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It’s a Wonderful Christmas Pageant

Merry Christmas! It’s 9.20 a.m. There was a time when we’d be knee-deep in wrapping and ribbons by now, excited children dancing around with empty stockings and new toys, me trying vainly to calm them down and keep the house in order, to get ready for the big meal to come. In our Christmas box are little notes I wrote after each Xmas in those early days: “Greetings from Xmas 1986!,” one says, describing who was there and what was happening. I wrote that my uncle Edgar, who’d flown in from New York, scolded me for being so tense. “Stand outside yourself,” he said, “and ask, ‘Who’s that silly woman getting so distraught?'”

A silly woman with a difficult family, two small children, a house full of leaks and very little self-confidence, that’s who she was. She was 36 that year and had noticed a few grey hairs. Yesterday, I needed some things at Shopper’s Drugmart, and the woman at the cosmetics counter advised me to wait till next Thursday. “It’s Senior’s Day,” she said. “You’ll get 20% off.”
“I’m only 59!” I wanted to shout, but didn’t. I’ll gladly take the 20%. Not “that silly woman” any more, not distraught, but considerably older.
Last night, the oddest thing happened – I had my own George Bailey, It’s a Wonderful Life moment. As I’ve mentioned here repeatedly, for nine years friends and I ran the Christmas pageant at Riverdale Farm on Xmas Eve, an exhausting but very rewarding endeavour. Last year, the first year we handed it over to another group, I was sick, so yesterday was my first time going as an audience member to an event that matters deeply. It’s not the birth of Jesus that’s important for me, it’s the community gathering, the singing of beloved hymns, and especially the moment when the barn doors open. We enter that pungent, hayseed room filled with animals, to find a family with a baby sitting in the straw, behind them angels, shepherds, wise men, the star. Last night, I was going to see another team pull it off.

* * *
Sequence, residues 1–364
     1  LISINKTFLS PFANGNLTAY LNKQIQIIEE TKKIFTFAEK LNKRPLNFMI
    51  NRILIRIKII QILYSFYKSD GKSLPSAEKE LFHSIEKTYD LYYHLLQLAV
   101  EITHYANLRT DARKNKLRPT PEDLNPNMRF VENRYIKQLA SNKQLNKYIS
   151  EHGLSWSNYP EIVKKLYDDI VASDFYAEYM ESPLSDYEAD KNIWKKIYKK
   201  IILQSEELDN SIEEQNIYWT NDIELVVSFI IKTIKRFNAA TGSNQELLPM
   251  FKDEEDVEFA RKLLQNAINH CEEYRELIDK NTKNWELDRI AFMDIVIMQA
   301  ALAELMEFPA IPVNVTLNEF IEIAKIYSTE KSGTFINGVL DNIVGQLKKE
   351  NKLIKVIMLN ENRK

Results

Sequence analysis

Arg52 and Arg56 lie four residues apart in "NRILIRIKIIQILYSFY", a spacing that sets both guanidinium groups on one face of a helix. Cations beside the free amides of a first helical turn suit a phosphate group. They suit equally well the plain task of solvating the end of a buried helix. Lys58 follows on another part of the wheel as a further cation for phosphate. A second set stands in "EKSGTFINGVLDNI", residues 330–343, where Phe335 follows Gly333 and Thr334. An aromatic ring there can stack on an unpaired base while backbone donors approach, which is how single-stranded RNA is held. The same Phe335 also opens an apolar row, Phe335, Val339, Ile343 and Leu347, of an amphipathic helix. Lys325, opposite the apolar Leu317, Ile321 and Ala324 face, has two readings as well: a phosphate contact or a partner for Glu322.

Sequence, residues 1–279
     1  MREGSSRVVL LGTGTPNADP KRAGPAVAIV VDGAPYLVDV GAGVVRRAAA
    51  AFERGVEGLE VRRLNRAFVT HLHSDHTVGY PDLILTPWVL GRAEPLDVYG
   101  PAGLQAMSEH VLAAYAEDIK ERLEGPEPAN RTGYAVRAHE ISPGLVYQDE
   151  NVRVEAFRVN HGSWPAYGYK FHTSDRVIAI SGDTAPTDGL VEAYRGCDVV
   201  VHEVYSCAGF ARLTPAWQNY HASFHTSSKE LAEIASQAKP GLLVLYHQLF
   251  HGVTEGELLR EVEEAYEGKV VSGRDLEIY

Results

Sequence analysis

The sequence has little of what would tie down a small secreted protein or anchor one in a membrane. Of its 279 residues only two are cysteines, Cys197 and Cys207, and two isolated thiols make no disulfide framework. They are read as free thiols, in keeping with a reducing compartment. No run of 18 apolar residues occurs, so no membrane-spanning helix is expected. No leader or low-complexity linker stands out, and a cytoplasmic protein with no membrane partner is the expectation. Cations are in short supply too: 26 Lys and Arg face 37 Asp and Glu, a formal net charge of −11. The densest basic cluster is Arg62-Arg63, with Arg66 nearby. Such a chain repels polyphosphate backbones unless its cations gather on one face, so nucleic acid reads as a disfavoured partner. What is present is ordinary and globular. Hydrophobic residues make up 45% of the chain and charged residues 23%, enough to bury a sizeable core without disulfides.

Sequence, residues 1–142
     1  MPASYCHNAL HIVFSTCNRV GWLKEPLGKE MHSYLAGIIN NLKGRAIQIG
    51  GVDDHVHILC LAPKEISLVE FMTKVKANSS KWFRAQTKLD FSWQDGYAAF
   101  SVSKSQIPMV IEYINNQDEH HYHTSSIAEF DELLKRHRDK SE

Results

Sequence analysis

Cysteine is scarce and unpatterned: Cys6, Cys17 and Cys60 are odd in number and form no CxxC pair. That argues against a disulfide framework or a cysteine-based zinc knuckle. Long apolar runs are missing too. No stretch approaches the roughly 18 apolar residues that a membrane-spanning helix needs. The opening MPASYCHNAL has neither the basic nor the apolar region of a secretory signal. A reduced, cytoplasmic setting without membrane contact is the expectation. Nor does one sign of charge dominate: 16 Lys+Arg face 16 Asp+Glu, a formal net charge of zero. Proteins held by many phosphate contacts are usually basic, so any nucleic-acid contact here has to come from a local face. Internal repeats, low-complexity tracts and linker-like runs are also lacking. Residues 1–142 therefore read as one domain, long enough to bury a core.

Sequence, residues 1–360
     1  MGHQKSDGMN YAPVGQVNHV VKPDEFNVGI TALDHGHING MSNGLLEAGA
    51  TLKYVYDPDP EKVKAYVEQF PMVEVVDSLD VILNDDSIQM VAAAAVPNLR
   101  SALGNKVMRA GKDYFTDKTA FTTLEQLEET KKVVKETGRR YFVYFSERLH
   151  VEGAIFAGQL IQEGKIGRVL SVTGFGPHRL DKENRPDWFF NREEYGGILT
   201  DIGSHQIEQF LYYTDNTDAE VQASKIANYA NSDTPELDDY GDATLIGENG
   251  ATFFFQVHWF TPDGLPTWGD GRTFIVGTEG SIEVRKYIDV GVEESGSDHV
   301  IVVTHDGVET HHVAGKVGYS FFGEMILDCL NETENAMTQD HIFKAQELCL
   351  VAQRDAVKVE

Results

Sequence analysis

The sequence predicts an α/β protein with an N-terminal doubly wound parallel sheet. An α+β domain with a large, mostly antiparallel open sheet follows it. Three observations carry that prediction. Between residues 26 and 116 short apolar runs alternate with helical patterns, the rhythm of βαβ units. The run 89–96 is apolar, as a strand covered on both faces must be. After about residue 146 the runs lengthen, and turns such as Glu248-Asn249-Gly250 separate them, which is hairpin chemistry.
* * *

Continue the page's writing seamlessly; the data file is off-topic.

Suddenly by my watch it was 6.40; the pageant starts at 7, so I pulled on many layers and rushed off. Nearing the farm, I couldn’t understand where everyone was – usually, the audience is streaming in. The main farm gate, open during the pageant, was locked, so I went around to the other one. No one in the courtyard; the drive-shed, where the event begins, was also locked. Everything silent, dark and empty. My watch said 7 p.m. What had happened? Had they cancelled, for some reason? This is what the Farm looked like on Xmas Eve, I realised, before our community pageant filled it with song and neighbourhood.
Stephen appeared. No, everything was on track; I was an hour early. It was 6 p.m. I looked again at my watch, which now said 7.05. It was running perfectly, just an hour fast. How can a watch suddenly be fast? I set it back, went home, and came back an hour later to be part of the huge crowd – perhaps 500 people or more this year, from babies to the very elderly, from people in fur coats to our neighbours from Regent’s Park, there to sing and celebrate together.
All kinds of things went wrong, as usual, but it didn’t matter. It was a perfect night, calm and bright, everything shining with a dusting of new snow. The baby in the barn was particularly beautiful and serene. When I left, I watched two grandsons with their arms around their frail, very old grandmother, helping her up the snowy path.
My watch is working perfectly. 10 a.m., it says now. Sam is asleep upstairs; Anna landed safely and will come over before noon. The presents are waiting. Time for another cup of coffee, and then I’ll stuff the bird.
Joy to the world.



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About Beth

I began keeping a journal at the age of nine. Nearly fifty years later, I started this online journal, sharing reflections, reviews, updates, and the occasional secret.

Some Blogs I Follow

Chris Walks
This blog evolves. It once was about travels. Now it’s a reason to be at the keyboard that I value.

Theresa Kishkan
Theresa Kishkan is a writer living on the Sechelt Peninsula on the west coast of Canada.

I walk on. With my feet, and in my mind as well.

Carrie Snyder
Wherever you’ve come from, wherever you’re going, consider this space a place for reflection and pause.


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